Protests continued over 2012 and a confluence of tides occurred after the 15-M movement opened up to a new social ecology of critical spaces to protect vulnerable groups (Weiner and Lopez, 2019). Different social movements saw their interest threatened by the same neoliberal ideology that increased pressure on workers and citizens, hitting hardest to the poor and caused a wide spread sentiment of people losing control over their lives (Zacune, 2013; Moore, 2018). Trade unions in Spain joined their forces with 15-M social activists, ecological and water activists. Protests against austerity confluenced with the “marea azul” (“blue wave”) protests against privatization of water and in defense of water as a common good (Babiano-Amelibia, 2015). In 2013 the RAP called on all European public water operators to leave EUREAU (the European federation of national associations of water services) after it had denied the success of the ECI Right2Water, showing its concern of the interests of private operators over the public operators. An impressive list of around 100 groups and organizations from Spain signed the appeal (Red Agua Publica, 2014).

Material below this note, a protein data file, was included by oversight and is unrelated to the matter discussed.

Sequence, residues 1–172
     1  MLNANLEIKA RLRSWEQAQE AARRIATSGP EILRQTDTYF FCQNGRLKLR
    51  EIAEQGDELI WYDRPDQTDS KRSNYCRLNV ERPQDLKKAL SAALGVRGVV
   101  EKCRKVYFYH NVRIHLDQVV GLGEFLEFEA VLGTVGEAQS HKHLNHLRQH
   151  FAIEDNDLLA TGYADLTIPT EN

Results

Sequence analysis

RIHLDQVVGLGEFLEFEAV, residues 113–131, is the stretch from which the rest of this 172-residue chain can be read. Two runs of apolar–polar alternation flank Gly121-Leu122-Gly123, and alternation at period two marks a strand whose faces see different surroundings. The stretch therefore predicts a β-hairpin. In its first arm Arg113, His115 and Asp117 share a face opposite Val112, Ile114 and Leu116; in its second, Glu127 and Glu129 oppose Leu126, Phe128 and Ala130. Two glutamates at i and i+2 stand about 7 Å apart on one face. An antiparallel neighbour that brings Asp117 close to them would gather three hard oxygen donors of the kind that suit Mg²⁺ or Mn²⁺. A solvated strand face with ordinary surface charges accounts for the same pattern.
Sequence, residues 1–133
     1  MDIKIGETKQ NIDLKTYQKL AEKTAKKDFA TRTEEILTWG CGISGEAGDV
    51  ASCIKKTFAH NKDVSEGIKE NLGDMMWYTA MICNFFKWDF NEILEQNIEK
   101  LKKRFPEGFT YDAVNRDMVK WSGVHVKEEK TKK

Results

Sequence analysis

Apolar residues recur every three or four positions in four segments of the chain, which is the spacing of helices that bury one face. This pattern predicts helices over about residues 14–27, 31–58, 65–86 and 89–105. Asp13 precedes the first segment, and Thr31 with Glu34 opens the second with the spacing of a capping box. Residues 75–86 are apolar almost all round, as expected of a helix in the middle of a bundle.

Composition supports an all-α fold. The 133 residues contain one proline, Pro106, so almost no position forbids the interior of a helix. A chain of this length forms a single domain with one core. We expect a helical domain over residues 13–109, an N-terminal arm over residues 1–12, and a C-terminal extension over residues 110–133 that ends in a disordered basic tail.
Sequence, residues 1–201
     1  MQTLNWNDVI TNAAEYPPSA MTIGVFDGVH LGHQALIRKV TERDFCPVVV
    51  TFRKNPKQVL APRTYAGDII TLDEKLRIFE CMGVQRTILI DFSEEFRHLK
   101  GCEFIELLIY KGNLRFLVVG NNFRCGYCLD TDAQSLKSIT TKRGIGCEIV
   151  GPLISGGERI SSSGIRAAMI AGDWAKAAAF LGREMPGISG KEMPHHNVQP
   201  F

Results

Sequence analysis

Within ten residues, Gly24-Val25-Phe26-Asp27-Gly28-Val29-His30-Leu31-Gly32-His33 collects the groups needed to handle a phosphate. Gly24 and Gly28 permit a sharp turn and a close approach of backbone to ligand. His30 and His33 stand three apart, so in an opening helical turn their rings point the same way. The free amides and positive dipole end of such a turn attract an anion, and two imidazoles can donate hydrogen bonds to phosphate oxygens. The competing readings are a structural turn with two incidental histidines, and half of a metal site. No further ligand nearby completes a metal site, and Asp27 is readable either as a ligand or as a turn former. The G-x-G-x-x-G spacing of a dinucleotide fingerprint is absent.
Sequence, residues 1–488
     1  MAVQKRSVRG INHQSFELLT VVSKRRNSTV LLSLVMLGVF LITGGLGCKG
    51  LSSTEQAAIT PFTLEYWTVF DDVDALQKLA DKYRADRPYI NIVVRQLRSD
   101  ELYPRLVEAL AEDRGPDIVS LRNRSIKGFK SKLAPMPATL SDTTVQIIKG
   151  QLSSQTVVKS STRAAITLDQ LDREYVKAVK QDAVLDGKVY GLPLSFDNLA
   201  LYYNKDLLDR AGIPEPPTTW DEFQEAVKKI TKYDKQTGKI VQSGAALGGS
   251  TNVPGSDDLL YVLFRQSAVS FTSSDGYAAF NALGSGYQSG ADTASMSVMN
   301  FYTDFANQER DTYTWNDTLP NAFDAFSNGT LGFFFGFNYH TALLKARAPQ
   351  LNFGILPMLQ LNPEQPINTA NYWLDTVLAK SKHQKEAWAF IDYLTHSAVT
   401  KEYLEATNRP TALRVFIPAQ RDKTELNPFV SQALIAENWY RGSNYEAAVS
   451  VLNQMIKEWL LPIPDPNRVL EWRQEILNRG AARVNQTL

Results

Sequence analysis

The Right2Water European Citizens' Initiative (ECI) was transferred to Spain by the trade unions affiliated to EPSU—FSC.CC.OO and UGT.SP—and the New Water Culture Foundation. Pedro Arrojo was member of the “citizens committee” of the ECI with an extensive network in Spain. According to him “the ECI was at that time the motor of the struggle for the human right to water in Europe” (personal communication, 27 January 2023). At first the campaign did not strike a chord but that changed when the unions and the water movement bonded with the anti-austerity 15-M movement and then reached a successful number of supporting signatures. The cooperation between the movements was complicated as both the austerity measures as well as the ECI were seen as European Union policy. How to combine action against EU policy and at the same time in favor of another EU policy? This psychological barrier had to be overcome. In the end over 65,000 people signed the Initiative (20minutos.es, 2013), whereas 40,000 were necessary to surpass the quorum, despite of practical barriers (people had to provide passport or fiscal number to give a valid signature). The encouragement of the Association of Public Water Supply and Sanitation Operators (Asociación de Operadores Públicos de Abastecimiento y Saneamiento Agua, AEOPAS), the state-wide Public Water Network (Red Agua Pública, RAP), Ecologists in Action, the Federation of Neighborhood Associations and the Platform against the Privatization of Canal de Isabel II played a role in the success for Right2Water. The Spanish case is a national example of a political achievement reached by uniting diversity as the Right2Water movement did in Europe (Van den Berge et al., 2018). The collaboration of trade unions with social movements was very important. This had not occurred before. Also the combination of social and ecological values and objectives showed to be fundamental for a broad support for implementing the human right to water beyond anthropocentrism (Lara-García and Del Moral-Ituarte, 2020). Spanish water movements have been effective in linking the issue of water with other campaigns e.g., around housing or democratic platforms (Moore, 2018; Castela-Lopes, 2021).